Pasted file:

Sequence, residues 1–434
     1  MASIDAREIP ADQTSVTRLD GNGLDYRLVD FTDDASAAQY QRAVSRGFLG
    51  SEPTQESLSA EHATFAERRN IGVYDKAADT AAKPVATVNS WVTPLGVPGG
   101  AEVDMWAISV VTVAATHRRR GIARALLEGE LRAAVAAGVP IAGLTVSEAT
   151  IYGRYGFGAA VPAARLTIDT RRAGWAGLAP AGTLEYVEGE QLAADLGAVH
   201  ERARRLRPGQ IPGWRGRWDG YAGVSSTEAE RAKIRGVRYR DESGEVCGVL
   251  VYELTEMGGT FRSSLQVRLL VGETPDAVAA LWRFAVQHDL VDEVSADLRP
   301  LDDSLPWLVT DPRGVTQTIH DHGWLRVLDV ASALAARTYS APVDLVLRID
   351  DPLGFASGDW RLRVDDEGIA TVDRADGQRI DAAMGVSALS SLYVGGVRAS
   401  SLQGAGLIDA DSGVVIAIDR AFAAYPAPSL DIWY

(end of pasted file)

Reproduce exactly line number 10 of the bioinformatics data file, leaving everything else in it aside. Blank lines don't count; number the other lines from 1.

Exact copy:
   401  SLQGAGLIDA DSGVVIAIDR AFAAYPAPSL DIWY